The United States has successfully shot down a mock intercontinental ballistic missile, its first-live fire test, using its own upgraded long-range interceptor warhead, in what was widely seen as a test of America’s ability to counter growing threat from North Korea.
The US military fired an intercontinental ballistic missile-type weapon on Tuesday from the Kwajalein Atoll in the Marshall Islands. It then fired a missile to intercept it from Vandenberg air force base in California.
This was the first live-fire test event against an ICBM-class target for Ground-based Midcourse Defence and the US ballistic missile defence system, the Pentagon has said.
GMD is an integral element of the United States’ layered ballistic missile defence architecture, with interceptors at Vandenberg Air Force Base and Fort Greely, Alaska.
The programme comprises command-and-control facilities, communications terminals and a 20,000-mile fibre-optic communications network that interfaces with ballistic missile defence radars and other sensors.
“The intercept of a complex, threat-representative ICBM target is an incredible accomplishment for the GMD system and a critical milestone for this programme,” said Missile Defence Agency Director Vice Adm Jim Syring.
“This system is vitally important to the defence of our homeland, and this test demonstrates that we have a capable, credible deterrent against a very real threat,” he added.
According to Pentagon, initial indications are that the test met its primary objective, but programme officials will continue to evaluate system performance based upon telemetry and other data obtained during the test.
The one-time test costs $250 million (Rs 1,612 crore) to the Department of Defence.
The test, designated Flight Test Ground-Based Interceptor-15, will provide the data necessary to assess the performance of the GMD system and provide enhanced homeland defence capabilities, it said.
The GMD element of the ballistic missile defence system provides combatant commanders the capability to engage and destroy intermediate and long-range ballistic missile threats to protect the US.
The continental US is about 9,000 km from North Korea. ICBMs have a minimum range of about 5,500 km, but some are designed to travel 10,000 km or farther.
North Korea has dramatically ramped up the pace of its missile tests over the past year, with a goal of developing an ICBM that can strike the US mainland.
Early in the day, the Pentagon spokesman Capt Jeff Davis told that the test wasn’t “timed specifically to the current tensions in North Korea.”
At the same time he said recent threats from the country “is one of the reasons why we have this capability.”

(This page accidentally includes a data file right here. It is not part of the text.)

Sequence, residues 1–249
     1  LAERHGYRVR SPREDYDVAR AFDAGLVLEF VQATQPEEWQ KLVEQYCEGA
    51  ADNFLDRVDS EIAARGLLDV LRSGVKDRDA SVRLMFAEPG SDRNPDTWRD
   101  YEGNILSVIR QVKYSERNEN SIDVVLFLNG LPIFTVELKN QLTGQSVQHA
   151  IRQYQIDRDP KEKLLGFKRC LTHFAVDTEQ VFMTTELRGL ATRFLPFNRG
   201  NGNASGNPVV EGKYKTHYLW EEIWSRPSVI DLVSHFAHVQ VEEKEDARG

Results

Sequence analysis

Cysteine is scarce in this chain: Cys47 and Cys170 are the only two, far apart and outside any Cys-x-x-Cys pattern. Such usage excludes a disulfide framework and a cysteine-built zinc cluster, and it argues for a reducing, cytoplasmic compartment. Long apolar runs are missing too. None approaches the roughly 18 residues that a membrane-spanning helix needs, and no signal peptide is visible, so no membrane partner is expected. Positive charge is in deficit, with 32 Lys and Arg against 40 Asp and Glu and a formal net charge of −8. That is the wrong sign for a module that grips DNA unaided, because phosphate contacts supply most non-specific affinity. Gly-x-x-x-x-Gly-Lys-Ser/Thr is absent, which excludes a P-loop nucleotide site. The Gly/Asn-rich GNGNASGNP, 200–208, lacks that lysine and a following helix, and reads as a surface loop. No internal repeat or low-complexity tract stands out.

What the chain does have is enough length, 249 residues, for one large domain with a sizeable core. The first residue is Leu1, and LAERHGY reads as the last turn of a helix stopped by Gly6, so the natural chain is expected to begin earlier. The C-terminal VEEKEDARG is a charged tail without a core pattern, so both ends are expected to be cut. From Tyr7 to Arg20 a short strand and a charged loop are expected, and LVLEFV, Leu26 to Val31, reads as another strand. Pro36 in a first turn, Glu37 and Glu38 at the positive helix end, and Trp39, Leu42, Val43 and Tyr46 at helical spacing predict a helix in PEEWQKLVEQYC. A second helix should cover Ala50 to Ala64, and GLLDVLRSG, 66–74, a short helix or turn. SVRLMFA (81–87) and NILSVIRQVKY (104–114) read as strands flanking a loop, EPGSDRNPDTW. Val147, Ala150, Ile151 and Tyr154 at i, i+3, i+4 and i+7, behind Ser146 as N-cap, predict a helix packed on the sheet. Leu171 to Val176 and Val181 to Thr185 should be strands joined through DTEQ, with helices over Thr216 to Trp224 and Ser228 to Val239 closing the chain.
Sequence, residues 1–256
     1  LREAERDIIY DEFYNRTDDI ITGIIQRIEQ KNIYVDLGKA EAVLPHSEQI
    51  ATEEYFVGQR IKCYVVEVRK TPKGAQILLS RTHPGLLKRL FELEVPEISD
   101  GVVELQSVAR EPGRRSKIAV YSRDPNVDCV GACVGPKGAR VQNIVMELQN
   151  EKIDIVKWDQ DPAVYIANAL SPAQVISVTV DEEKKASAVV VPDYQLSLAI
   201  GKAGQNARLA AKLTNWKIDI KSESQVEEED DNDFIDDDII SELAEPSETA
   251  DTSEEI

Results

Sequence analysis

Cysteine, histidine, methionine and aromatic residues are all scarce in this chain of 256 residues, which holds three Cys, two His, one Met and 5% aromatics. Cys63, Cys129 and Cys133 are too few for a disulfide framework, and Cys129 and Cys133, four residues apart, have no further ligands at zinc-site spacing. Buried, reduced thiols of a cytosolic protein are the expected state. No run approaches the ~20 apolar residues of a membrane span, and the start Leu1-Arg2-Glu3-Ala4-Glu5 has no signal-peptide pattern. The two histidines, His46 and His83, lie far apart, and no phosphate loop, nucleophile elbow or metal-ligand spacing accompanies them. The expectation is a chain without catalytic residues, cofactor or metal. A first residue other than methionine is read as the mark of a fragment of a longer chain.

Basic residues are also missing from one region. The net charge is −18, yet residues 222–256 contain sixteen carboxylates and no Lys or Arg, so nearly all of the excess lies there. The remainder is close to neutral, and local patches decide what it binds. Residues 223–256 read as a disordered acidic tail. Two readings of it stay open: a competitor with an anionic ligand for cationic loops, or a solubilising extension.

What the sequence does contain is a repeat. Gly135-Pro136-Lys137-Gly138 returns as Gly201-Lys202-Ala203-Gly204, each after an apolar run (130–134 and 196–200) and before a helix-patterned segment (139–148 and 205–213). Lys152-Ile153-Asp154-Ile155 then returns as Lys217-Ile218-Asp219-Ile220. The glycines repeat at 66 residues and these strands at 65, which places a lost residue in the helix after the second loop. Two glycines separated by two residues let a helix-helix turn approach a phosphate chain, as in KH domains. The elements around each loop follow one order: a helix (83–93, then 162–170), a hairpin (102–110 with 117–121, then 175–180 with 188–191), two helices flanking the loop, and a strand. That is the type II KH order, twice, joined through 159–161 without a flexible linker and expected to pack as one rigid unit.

“We improve and learn from each test regardless of the outcome. Our goal is to continue to be able to tell you with confidence that we have the ability to defends the homeland against this nascent ICBM threat,” Davis said.
“This successful test keeps the United States on track for a significant increase in interceptor inventory of 44 in 2017,” said Norm Tew, vice president and GMD program director.
US lawmakers congratulated the Pentagon on this successful test.
“Today is an important day for our nation’s missile defenders, our scientists and engineers, and the American people. This successful intercept test of an ICBM-like target sends a clear message to the unstable dictator in North Korea that the US Ballistic Missile Defence System can and will shoot down any ballistic missile threat that endangers the American people,” said Senator Dan Sullivan, a member of the
Senate Armed Services Committee.
House Armed Services Committee Ranking Member Adam Smith said this is an “important milestone in the programme,” but “much work remains to be done to ensure we have a reliable and effective system.”
“After an investment of more than $40 billion since 2002, it’s good that the Missile Defence Agency is finally doing a missile defence test against an ICBM target, some 13 years after the first Ground-Based Interceptor system’s deployment,” Smith said in a statement.
“By successfully shooting down an ICBM-class target, America demonstrated that we can defend ourselves from nuclear attack. And the world should know that America will defend itself from nuclear attack. I hope that our enemies were all watching closely and took note of what we are capable of achieving,” Congressman Doug Lamborn said.
Image: An unarmed Minuteman III intercontinental ballistic missile launches from Vandenberg Air Force Base, California, United States during an operational test. Photograph: Michael Peterson/USAF/Reuters